“Rehearsal Detective”: Identifying Music Symbols

Music Reading

First Year Orchestra Sample Beginning Lesson Plans

Chapter Four | The Bow

Preparing for the Bow

Establishing Proper Bow Balance

Earning the Bow

Beginning Bow Balance Games


Applying the Bow to the String

Overcoming Right Hand Tension

Three Foundational Bow Strokes: Martelé, Détaché, and Legato

Teaching Martelé

Teaching Détaché

Teaching Legato

Bowing Analogies

First Pieces Incorporating the Foundational Bow Strokes

“D-A-D Song”



“See the Little Monkey”

Rhythmic Patterns Utilizing Martelé, Détaché, and Legato

Applying the Bow to Music Reading

Developing Pitch Accuracy with the Bow

Finger Before Bow (“FBB”)



“I play, you play”

Practice: Isolate the Problems

Individual and Small Group Instruction

Listen with Closed Eyes

Beyond the Three Fundamental Bowings

Bowings That Extend from Martelé

Bowings That Extend from Détaché

Bowings That Extend from Legato

Common Bowing Problems and Solutions

Chapter Five | Rehearsal

Characteristics of an Efficient Rehearsal

Rehearsal: Feel, Hear, See

Rehearsal Design: Environment, Structure, Skill Set

Structuring Student Behavioral Expectations and Responsibilities

Structuring Effective Rehearsal Routine

Process for Developing a Skill Set

Rehearsal: Motivating, Inspiring, and Developing?

Strategies for Efficient Rehearsals

Isolate the Difficulty

Practice “Turtle Speed”

Remove the Dynamics

Establishing Accurate Pitch

“Do You Love Your Sound?”

Isolate Right Arm Motion and Open String Practice

Shadow Bow and Silent Finger

“Spell a Word”


Morse Code

Inward, then Outward

Practice Ugly!

Four Pillars of Practice

Deeper Level Questioning

Chapter Six | Assessment

Why Assess?

The “What”

The “How”

The “Why”


Differentiation at the Beginner Level

Differentiation at the Intermediate and Advanced Levels

Assessment Non-Negotiables

Macro Before Micro Concepts

Informal Assessment

Ensemble Within the Ensemble

Color-Coded Cards

Show of Hands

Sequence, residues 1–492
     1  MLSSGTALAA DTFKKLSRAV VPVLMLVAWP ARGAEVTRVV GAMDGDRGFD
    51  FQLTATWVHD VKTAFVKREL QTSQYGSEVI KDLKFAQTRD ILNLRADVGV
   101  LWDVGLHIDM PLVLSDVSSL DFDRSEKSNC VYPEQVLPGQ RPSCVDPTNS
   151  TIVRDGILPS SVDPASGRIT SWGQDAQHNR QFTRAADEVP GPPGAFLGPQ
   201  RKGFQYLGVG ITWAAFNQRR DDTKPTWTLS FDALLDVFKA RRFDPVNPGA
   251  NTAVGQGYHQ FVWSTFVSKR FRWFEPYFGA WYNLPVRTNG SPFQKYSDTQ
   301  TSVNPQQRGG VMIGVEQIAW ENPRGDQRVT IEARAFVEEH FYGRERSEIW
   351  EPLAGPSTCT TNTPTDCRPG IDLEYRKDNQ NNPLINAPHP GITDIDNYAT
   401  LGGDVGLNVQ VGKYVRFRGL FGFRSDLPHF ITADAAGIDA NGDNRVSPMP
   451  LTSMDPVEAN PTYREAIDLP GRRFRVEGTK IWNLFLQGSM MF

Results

“Would You Like Another Try?”

Teacher/Student “Recital”

Hands-On Adjustment


Formal Assessment

Formal Performance Rubric

Anonymous Recorded Tests

Ensemble Tests

Audio Visual Tests


Self-Graded Tests

100% Mastery

Summative Assessment

Retest Procedures

Chapter Seven | Intermediate – Advanced Level: Refining Left Hand and Bowing Technique; Music History and Theory

Refining Left Hand Technique

Morse Code

Morse Code with the Scale

Chunking with Morse Code

Double Stops: “Separate/Separate/Together”



Natural Harmonics

False Harmonics


Preparatory Shifting Exercises

“Changing Tone”

Shifting and “Blocking”

Half-Step and Whole-Step Shifts

Isolate the Shift

Expressive Shifting

Continuous Vibrato While Shifting

Retaining Pitch Accuracy

Introductory Vibrato Exercises

Vibrato Exercises with the Bow


Refining Bowing Technique



Louré and Portato




Sul tasto and Flautando


Col legno





Music History and Theory

Incorporating Music History into the Rehearsal

Interval Relationships

Harmonic Structure

Rhythmic Principles


Open String Practice

Chapter Eight | Intermediate – Advanced Level: Ensemble Development with Rhythm and Phrasing

Establishing Rhythmic Precision

Associating Words with Rhythm

Clap on the Rest

“Clount” = Clap and Count

Clap and Snap

Tennis Ball Exercise

Signal a Number


Stop the Trill

Drop the Dot/Drop the Tie

Stop and Reset

Pulse the Beat

Remove the Dynamics

Popcorn Seating

Reverse Seating

Circular Seating


Pizzicato versus Arco


Singing the Melody

Score Study

“S/S/S”: Separate/Stopped/Slurred

Chunking and Chaining

Isolating Awkward Fingering Patterns

Memorization and Closed Eyes

“Play on beat _____.”


Remove the Fingerings

Bow Uniformity

Eye Contact


Rehearse Like Sections


Audio/Visual Recordings


Phrase Endings

Inner Voice Lines


The “Wave”

Musical Form and Phrase Architecture

“Paint the Sound”

Bow Distribution


Conductor’s Gestures

Word Bank

Body Movement

Imagery to Establish Character

Establishing a Quality Sound in the Beginning Orchestra (1)